Originally Posted by Adamc
It's an example of personification - assigning the human quality of 'cheating' to the weather (or the D/L system). It's quite common in English. The 'cheating' in this instance is the perceived unfair outcome. Just because you disagree that it was unfair or are otherwise unfamiliar with the usage doesn't invalidate the use of the phrase in this context.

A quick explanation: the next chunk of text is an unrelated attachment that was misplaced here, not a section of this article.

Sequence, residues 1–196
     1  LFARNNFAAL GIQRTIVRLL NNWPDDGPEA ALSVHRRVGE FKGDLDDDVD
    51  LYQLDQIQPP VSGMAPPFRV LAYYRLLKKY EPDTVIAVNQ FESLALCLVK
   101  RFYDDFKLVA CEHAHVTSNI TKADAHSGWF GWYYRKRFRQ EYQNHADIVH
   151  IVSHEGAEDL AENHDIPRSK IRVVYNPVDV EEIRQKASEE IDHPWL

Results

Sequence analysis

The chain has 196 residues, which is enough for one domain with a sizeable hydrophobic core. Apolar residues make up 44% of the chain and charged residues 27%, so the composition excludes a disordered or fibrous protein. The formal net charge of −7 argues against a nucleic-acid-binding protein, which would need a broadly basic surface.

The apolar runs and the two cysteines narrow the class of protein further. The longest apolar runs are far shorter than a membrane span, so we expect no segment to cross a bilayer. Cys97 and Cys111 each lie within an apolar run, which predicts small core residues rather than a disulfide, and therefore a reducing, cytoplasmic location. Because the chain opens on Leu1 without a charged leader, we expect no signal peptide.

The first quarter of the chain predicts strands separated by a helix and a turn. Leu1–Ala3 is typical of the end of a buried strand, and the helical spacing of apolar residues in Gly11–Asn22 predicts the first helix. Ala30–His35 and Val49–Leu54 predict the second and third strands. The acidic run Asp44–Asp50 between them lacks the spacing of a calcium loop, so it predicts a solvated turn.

Not to be pedantic, but I have never ever heard anyone ever say anything along the lines of 'England have been cheated of a win by the weather'. Merriam Webster defines 'cheating' as 'to deprive of something valuable by the use of deceit or fraud'. I am sorry but I fail to see how England were deceived by the weather or how they were on the other side of any type of fraud. You could say that England were denied victory by the weather, but cheating implies something completely different and far more serious.